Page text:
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When I finally convinced my pop culture-averse little sister to watch Amy Sherman-Palladino’s The Marvelous Mrs. Maisel, I wasn’t sure she’d be hooked for the same reasons I am. Then, about three-quarters into the first episode, title character Midge Maisel approaches her parents in distress while wearing a loose-fitting nightgown. Upon seeing her daughter’s anguished face in the middle of the night, the mother’s first reaction is to exclaim, “What are you wearing? It’s not thinning!”
My sister shot me the look of a fellow war-weary soldier. It said, “Ouch. There’s mom.”
My sister and I hail from a long line of toxic mothering. You could say we, two childless thirtysomethings unsure of whether we’re keen to keep the legacy alive, are the trickle-down product.
Five years ago, I took the first step toward breaking the cycle when I wrote my mother an email explaining that we wouldn’t be speaking to or seeing each other for the foreseeable future. To this day, the edict remains — and I have no interest in lifting it.
In the difficult months after I hit send, I serendipitously rediscovered Sherman-Palladino’s beloved series Gilmore Girls, which proves a telling primer to Maisel’s themes. It happened by chance — I was working from home and landed on a channel playing back-to-back episodes. It took me less than a minute to reevaluate what I once found simply entertaining. Suddenly, the show was therapy. Emily Gilmore, Lorelai Gilmore, and Mrs. Kim of Gilmore Girls are all mothers who consistently make decisions that adversely affect their daughters. Somehow, despite the shock factor of their flawed logic, Sherman-Palladino’s deft touch makes these women relatable — lovable, even.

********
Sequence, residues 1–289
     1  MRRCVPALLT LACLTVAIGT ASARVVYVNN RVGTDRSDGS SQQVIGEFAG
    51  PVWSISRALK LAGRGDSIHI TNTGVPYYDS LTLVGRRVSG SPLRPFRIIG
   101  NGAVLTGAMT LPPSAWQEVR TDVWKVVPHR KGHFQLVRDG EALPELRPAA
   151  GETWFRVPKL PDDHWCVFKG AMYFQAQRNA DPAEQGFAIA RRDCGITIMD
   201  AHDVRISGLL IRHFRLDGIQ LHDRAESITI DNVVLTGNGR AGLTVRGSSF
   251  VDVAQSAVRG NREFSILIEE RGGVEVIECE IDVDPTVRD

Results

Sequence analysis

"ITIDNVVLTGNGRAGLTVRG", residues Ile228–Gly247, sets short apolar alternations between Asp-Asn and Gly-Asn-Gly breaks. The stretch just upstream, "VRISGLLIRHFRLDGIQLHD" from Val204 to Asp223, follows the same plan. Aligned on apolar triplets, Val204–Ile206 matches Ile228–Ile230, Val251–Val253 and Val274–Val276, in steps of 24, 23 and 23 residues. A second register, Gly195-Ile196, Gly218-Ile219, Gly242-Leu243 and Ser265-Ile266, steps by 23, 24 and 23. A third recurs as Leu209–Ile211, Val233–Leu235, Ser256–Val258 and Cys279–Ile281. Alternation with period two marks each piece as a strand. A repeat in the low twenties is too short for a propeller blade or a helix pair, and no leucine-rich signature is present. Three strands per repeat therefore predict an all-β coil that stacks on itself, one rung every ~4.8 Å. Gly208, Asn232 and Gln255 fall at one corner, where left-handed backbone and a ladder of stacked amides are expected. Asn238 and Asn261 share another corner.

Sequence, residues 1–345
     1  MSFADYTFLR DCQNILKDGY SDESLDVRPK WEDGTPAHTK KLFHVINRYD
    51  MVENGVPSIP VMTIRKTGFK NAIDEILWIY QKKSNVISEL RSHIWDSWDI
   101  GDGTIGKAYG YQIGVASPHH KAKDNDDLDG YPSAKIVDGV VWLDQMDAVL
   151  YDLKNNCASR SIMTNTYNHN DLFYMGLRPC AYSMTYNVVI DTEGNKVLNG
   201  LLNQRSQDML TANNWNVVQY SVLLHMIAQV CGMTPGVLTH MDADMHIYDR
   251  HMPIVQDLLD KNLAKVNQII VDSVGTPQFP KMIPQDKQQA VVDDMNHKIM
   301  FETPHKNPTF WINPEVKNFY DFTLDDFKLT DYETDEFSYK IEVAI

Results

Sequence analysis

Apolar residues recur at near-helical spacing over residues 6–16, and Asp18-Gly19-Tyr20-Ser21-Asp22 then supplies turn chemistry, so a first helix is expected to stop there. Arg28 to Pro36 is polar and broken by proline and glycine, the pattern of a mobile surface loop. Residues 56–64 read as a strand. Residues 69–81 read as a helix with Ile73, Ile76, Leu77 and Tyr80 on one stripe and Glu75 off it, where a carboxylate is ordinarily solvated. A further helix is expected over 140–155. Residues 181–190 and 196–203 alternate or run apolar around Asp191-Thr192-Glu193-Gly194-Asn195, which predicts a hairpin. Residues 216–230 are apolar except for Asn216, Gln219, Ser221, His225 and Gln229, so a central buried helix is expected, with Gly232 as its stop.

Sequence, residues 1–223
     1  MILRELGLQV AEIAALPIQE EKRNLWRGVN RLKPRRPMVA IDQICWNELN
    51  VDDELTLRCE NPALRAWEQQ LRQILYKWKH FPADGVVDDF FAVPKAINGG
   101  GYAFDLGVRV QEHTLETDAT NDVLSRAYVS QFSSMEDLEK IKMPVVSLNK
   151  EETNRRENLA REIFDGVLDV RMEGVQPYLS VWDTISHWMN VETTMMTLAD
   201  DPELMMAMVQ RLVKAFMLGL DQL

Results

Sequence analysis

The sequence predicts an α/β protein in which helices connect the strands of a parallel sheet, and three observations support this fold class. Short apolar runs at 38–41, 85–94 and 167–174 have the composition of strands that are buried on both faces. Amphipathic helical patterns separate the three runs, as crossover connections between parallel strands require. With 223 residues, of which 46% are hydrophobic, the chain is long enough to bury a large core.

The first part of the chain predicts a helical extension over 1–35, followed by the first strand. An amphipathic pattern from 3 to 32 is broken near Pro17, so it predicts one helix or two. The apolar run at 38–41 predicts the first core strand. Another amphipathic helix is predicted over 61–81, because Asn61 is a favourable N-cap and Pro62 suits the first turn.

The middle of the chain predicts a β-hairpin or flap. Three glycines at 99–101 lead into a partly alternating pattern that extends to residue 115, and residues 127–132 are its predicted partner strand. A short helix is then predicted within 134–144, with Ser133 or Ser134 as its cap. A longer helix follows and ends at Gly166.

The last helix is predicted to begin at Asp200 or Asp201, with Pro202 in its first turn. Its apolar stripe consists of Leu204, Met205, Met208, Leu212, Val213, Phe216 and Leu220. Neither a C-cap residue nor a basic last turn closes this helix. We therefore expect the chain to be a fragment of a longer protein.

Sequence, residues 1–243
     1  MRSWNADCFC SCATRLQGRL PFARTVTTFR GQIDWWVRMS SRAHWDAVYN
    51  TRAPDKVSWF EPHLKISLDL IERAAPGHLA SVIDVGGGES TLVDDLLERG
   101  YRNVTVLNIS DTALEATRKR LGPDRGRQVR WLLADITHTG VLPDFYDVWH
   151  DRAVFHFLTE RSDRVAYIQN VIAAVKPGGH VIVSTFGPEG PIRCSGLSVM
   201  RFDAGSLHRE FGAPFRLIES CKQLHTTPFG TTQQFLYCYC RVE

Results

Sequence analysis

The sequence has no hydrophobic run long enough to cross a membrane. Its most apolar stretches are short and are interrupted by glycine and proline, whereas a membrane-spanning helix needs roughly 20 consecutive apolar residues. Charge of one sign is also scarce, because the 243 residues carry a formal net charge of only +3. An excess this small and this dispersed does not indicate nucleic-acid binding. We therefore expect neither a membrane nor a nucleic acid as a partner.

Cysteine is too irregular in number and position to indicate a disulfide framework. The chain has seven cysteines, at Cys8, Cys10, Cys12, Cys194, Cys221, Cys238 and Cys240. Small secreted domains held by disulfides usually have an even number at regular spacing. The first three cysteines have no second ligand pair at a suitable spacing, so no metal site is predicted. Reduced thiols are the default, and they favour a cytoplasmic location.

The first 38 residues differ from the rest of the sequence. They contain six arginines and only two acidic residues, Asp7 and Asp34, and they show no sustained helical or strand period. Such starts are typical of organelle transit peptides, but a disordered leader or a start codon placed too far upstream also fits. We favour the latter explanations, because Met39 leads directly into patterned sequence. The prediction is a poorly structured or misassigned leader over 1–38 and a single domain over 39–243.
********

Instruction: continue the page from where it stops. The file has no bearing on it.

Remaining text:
As are their daughters Lorelai, Rory, and Lane. Sherman-Palladino challenges us to confront the fact that these products of dysfunctional parenting, whom we hold so near and dear, are precious specifically because of the flaws they’ve gained through their trials.
You have permission to laugh, even if it feels wrong or uncertain or painful. Or perhaps because it is. This aspect of Gilmore Girls is what brought me back to myself during my early estrangement from my mother, and allowed me to channel the anger and confusion and sadness. I didn’t need to be reminded that my mother is a human whose injuries against me were, for her, deeply ingrained behaviors (though it didn’t hurt). What was more powerful was seeing interesting and triumphant characters carved from fraught maternal upbringings. It helped me begin to set aside resentments toward my mother. It helped allow me to explore, even adm